A few mornings ago Amy Attenborough and I were driving away from Mahlahla Dam, having been to investigate the carcass of a young elephant calf that had died. We had been getting some footage of the Tsalala pride that had discovered the carcass overnight and had been feeding through the morning. The Anderson male leopard had also been seen in the area two days before but had moved on without touching the carcass, possibly having been reluctant to attempt to drag it from the mud.
Anyway, the fact that the Anderson male had been seen there got us talking about the new leopard dynamics that would develop as a result of the death of the Dudley Riverbank 5:5 male. With the space now available, would the Anderson male expand further east or would some other individual step in? The 4:4 male pops up all over the show, so we couldn’t rule him out. The discussion was made more interesting by the death of the Maliliwane female earlier this year, so in fact there is a vacancy for a territorial male and female leopard in Londolozi’s north-east corner.
Our discussion was prophetic, in that less than 30mins later, after having returned to camp, we were being summoned back out by Londolozi’s ex-Head Ranger Oliver Sinclair, who reported two leopards fighting barely 100m from where the Tsalala pride was lying next to the elephant carcass.
We grabbed our camera gear and raced back to the scene, and it wasn’t long before we had a slightly obscured view of the female, lying with her back towards us in a bushwillow thicket, keeping a close eye on the male who was in turn watching her from a nearby slope about 40m away. Our initial guess that it was the Nanga female turned out to be correct after she turned and looked at us and we were able to get a better look at her face, but of the male we were not so sure. The Anderson male was an unlikely candidate, as this male was smaller, and the Anderson male has been seen mating with the Nanga female a couple of times over the last month or two. Excess aggression of the kind Ollie had reported between the pair would be unlikely.
Eventually getting a decent view of him, we felt that something in his spot pattern was familiar, even though neither Amy or I had ever seen him before. Remembering a photo of an unknown male that Ranger Andrea Campbell had shown the rest of the ranging team recently, we were able to conclude that he was the Kunyuma male, a young leopard that has occasionally been seen around our northern boundary, and clearly now making a move into the area, quite possibly owing to the death of the dominant male.
The Nanga female waited for about ten minutes before trying to slink away, but the Kunyuma male trotted after her, keeping her in sight. She rested in the shade of a nearby tree after moving about 60m, and the male seemed very hesitant to approach, but as soon as she tried to retreat once more, he went rushing in, and with a fierce warning growl, and before any contact could actually be made, the Nanga female was forced to leap into the branches of a Marula tree to keep out of his clutches.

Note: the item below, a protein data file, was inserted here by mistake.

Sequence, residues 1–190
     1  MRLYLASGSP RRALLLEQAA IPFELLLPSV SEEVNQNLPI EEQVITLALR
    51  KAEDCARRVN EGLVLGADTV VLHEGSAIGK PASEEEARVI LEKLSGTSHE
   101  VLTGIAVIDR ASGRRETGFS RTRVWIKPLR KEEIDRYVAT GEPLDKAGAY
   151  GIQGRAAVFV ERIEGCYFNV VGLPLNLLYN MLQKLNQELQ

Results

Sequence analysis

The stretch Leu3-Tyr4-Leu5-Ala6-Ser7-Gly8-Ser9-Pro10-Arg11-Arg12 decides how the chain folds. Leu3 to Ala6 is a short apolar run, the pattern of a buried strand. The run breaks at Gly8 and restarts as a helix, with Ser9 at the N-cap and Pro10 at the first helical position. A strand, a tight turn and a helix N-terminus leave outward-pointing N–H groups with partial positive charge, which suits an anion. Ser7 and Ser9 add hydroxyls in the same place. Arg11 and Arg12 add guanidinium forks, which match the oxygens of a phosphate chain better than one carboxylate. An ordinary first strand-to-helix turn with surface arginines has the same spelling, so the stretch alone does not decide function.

What he was actually hoping to accomplish we are not sure. He is still relatively young (born December 2012 to the Kurula female in the North) and is too small to be properly dominant over an area yet. More than likely a combination of curiosity, the Nanga female’s uncertainty over this new male in the area, his instinct to chase anything that runs away and possibly the instinctive desire to initiate approaches to a female combined with hesitation brought on by inexperience, all combined to make the interaction a bit confusing for both parties.
After treeing the female for the second time (Ollie had seen him do it once already), he trotted away to the south. We could hear squirrels alarming in that direction, but after they quieted down we assumed he had moved off, as did the Nanga female from her Marula tree perch; after a brief grooming session she descended the tree and moved off quickly in the opposite direction.
Since the Anderson male was seen in the same spot only 48 hours before and is much bigger than the young Kunyuma male, it is unlikely that the Kunyuma male will be able to stick around and claim the area for himself. He has a significant amount of growing to do before he can do that.
Interestingly enough, his littermate also put in an appearance on Londolozi last year, in the form of the Quarantine male, but as far as I’m aware he has not been seen on Londolozi soil since then.
In a year’s time, either of these two young males may well be challenging for territory on Londolozi, but for now I’m pretty confident it’ll be the bigger males that will be holding sway.
Kunyuma, son of Karula, the queen of Djuma, apparently sired by Mvula, whose territory is conquered by Tingana. He is a very well-known by WildEarth safari watchers. He has not been seen for a while on Djuma. He is known for his withdrawn character, he isn’t always happy meeting vehicles and is hissing quite often. Such a great male with a self-confident personality. His littermate Quarantine has been seen mainly on Cheetah Plains.
How wonderful to hear about Kunyuma. He was always a bit shy around the vehicles and liked give lots of snarls. I hope he finds a place to finish growing up and maybe come back to the Sabi Sands area to find a territory. Thank you so much for the photos and the story!
So I think kunyuma would be a good Tsonga word to describe Freddy Ngobeni…a man I love
I’m so happy you have met Kunyuma, the hissy boy. We watched him grow up from birth with his brother, Quarantine Male. Yes, you will usually be greeted with a hiss, then he will move off into the thickets. But, occasionally he will stick around for a photo op. I hope he stays safe for another year or two so he can find his own territory. Thanks for keeping us updated on Kunyuma, His Hissy Highness. He has a lot of loyal fans, as does Quarantine.